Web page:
One of the surprise inclusions in this year’s London Film Festival was Anonymous, Roland Emmerich’s take on Elizabethan England which poses the question: what if Shakespeare (Rafe Spall) never wrote any of his plays and was simply the front man for the pen of Edward de Vere, the Earl Of Oxford (Rhys Ifans)?
Unable to publish his poetry because it’s viewed as seditious by his father-in-law and privy councillor William Cecil (David Thewlis), the Earl approaches fellow playwright Ben Jonson (Sebastian Armesto) who reluctantly agrees to stage them. But when the time comes, Jonson hesitates. Sensing an opportunity drunken buffoon Will Shakespeare steps forward to take the credit along with the fame and glory.
Further intrigue develops when it’s revealed that the Queen (played in two ages by Vanessa Redgrave and real life daughter Joely Richardson) has a penchant for plays and harbours a love for the Earl with whom she once had a romantic dalliance.
Naturally this being an Emmerich film, it’s not high on subtlety. Emmerich gets his pyromania out of his system early with the destruction of the Globe Theatre by fire (it’s all too easy to imagine him pacing up and down, clenching and unclenching his fists muttering “Must. Destroy. Landmark”).
But what Emmerich does do well is bombast and here he pulls all the stops out – Will Shakespeare is a blithering over-the-top idiot and Vanessa Redgrave chews yards of scenery as the time-ravished Queen. There are swordfights, a hunchback, forbidden bedroom ravishing and more ham than an all-porcine rendition of Babe.
Where it suffers is in an inconsistency of tone. Rhys Ifans is suitably broody, presiding over plays like a dandy vulture with appropriate disdain for the illiterate fraud claiming the credit for his work. It’s a sharp contrast to Rafe Spall’s incredibly hammy portrayal of Will himself (a foppish booming imbecile) and Edward Hogg’s Robert Cecil (a hunchbacked leering villain who’s eerily reminiscent of Count Rugen from The Princess Bride). While Emmerich should be applauded for at least trying to do something different (no earth-shattering explosions to be seen here folks), it’s an unsettling blend of serious and camp.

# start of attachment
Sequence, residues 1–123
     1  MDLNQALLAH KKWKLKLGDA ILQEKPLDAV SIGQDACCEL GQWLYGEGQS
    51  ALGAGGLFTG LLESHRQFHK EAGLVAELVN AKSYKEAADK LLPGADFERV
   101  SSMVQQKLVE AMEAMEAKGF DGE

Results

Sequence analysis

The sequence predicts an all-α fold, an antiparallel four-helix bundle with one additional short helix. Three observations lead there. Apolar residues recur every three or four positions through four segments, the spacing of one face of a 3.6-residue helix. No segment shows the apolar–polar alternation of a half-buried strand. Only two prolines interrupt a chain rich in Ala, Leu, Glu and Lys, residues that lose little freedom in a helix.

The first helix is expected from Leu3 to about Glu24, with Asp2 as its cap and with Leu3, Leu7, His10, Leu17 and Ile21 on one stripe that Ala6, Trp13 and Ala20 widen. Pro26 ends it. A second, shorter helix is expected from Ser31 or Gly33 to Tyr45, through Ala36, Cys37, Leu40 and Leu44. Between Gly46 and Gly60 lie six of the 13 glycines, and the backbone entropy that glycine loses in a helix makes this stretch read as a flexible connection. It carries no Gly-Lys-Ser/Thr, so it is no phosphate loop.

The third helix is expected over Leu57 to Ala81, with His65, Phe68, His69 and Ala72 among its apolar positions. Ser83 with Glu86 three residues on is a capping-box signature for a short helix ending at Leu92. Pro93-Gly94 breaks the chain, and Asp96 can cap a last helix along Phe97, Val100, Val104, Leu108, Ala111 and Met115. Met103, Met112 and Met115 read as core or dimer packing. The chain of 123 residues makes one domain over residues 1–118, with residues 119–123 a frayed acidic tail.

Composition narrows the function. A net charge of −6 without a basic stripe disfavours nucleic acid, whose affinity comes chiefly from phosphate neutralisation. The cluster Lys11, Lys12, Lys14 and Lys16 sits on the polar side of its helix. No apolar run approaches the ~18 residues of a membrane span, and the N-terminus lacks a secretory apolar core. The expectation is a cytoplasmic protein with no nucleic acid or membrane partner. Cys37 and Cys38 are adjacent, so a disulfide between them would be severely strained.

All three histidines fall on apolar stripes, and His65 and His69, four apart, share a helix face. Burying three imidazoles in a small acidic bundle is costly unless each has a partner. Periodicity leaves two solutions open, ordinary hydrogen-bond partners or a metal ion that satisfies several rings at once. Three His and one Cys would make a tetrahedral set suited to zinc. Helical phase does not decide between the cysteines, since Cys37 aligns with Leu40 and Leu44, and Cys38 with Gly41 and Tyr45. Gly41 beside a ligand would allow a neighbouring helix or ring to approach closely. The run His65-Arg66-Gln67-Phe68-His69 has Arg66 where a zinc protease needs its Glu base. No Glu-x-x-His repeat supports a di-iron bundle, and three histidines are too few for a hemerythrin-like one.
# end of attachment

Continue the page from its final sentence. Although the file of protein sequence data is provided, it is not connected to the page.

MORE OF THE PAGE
This isn’t helped by a script by John Orloff that flits between periods (“present day”, 20 years earlier, 3 years earlier) which not only saps the momentum but is occasionally confusing requiring small mental adjustments every time it happens. Still, there are some astute observations to be found beneath the silliness – The Earl’s remark that all art is necessarily political or it’s just decoration is an important one; the idea of a plays being used as a catalyst for revolution is still relevant.
All in all, it’s best not to try to take it too seriously. Shakespeare purists will no doubt soil their pantaloons at the historical inaccuracies but if it’s taken with large pinches of salt and viewed as an early Christmas pantomime, there’s certainly some fun to be had.